ALBUQUERQUE, N.M. (KRQE) – At Monday night’s Albuquerque City Council meeting, more than a dozen residents addressed councilors with concerns about the font size on the upcoming ballot for the October election.
This election, voters will elect a new mayor, five city councilors, vote on a handful of a bond question and the proposed sick leave ordinance.
If passed by voters, the ordinance would require Albuquerque employers to provide paid sick time off to full and part-time employees.
Last September, State District Judge Alan Malott ruled the entire seven-page ordinance, not a summary, must appear on the ballot. There’s just one problem: the ballot is one page, front-and-back. That means the city clerk would have to re-construct the ballot, and decrease the font size.
It’s an option many spoke out against at Monday night’s city council meeting.
“Please stand up for fair elections. The visually impaired community and citizens with less than perfect eyesight,” one resident said.
“In the best of circumstances, with great lighting, I find it difficult to read something in that small of font.” Therese Sanders said. “I’m concerned that people who will find this difficult to read, will not read it, will ignore it, or just plain not vote on it.”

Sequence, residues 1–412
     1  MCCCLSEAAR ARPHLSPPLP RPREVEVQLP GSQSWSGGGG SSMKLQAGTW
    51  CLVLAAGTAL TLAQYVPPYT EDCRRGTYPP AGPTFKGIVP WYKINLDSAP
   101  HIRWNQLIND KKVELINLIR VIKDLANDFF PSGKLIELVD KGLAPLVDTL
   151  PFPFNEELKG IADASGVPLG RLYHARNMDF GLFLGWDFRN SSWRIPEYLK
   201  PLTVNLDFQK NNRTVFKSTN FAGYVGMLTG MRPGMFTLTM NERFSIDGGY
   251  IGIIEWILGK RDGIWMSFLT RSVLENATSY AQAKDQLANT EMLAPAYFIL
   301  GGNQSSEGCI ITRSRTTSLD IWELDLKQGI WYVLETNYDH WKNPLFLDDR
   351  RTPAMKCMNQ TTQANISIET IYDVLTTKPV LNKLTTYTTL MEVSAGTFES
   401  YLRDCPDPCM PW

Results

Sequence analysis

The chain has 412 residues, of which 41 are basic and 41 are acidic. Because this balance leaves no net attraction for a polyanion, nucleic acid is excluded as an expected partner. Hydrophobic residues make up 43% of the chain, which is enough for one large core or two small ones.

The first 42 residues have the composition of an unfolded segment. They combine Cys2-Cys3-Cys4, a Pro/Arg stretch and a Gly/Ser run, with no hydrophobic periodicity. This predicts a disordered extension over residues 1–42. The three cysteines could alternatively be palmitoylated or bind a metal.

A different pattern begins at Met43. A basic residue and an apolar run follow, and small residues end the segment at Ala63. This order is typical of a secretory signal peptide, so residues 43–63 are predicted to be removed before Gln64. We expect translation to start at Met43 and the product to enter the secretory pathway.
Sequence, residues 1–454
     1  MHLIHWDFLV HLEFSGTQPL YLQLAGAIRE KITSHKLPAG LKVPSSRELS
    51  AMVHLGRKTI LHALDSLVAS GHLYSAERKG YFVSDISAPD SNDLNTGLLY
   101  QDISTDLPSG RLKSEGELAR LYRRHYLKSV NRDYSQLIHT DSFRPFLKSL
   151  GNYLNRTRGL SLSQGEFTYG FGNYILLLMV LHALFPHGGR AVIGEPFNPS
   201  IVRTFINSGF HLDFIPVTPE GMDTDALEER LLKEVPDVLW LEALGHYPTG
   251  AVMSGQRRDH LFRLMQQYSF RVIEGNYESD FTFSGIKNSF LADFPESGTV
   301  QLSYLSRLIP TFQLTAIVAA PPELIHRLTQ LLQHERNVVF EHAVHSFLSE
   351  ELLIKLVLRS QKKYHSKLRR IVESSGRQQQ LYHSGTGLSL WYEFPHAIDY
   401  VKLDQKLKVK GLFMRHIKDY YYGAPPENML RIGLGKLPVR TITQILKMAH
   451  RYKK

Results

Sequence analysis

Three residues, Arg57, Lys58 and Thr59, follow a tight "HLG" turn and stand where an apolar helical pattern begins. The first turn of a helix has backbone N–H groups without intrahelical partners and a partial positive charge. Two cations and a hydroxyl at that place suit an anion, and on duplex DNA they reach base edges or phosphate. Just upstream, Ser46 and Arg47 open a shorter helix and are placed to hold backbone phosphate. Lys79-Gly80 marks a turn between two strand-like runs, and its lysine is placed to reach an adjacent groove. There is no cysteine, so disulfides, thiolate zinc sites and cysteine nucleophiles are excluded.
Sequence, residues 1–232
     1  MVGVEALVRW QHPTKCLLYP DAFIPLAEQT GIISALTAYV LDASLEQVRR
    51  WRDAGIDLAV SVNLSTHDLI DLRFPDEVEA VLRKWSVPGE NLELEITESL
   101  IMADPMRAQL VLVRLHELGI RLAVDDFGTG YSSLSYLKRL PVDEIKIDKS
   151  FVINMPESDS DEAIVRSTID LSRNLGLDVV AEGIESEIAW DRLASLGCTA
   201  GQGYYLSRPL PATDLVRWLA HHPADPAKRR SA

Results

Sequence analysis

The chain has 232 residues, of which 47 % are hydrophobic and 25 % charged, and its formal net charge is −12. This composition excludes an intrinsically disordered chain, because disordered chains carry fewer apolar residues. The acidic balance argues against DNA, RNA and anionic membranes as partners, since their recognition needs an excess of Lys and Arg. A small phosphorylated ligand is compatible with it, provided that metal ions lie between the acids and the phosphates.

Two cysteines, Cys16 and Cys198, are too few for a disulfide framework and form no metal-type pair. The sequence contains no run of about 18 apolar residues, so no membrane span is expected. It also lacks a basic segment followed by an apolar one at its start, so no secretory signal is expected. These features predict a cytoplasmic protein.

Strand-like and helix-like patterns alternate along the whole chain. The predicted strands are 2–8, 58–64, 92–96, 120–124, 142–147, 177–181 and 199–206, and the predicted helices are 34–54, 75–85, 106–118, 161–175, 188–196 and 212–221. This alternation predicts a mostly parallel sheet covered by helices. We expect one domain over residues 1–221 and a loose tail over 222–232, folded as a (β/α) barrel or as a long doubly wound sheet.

Councilors said the first few drafts of the ballot came out in a six-point font.
Councilor Pat Davis admits some of the early samples were difficult to read but said the council never intended to keep it that way.
“It’s like the small print on the bottom of a contract, nobody reads it and we certainly don’t want to pass laws that way,” Davis said. “We’re going to get a new mayor, we have city council candidates in five districts that are going to be up this year, and then we have a long list of projects that people want to vote on, so we cannot afford to take those off the ballot.”
Instead, Monday night, the council passed an amendment to help solve the issues with the ballot.
“We’ve asked the city clerk to come up with a compromise ballot that puts all of the questions in the same font on one page so everyone can vote on them and see what else we can do, like a voter guide, that lets voters read deeper into all the other things,” Davis said.
The plan is to hand out the voter guides, or have them available, for each person who walks into a ballot box.
“It’s going to take some time but we’ll get it right,” Davis said.
The city would also have to budget appropriately in order to purchase those separate voter guides to hand out at the polls.
The city clerk has until August to come up with a final ballot sample to present to city council.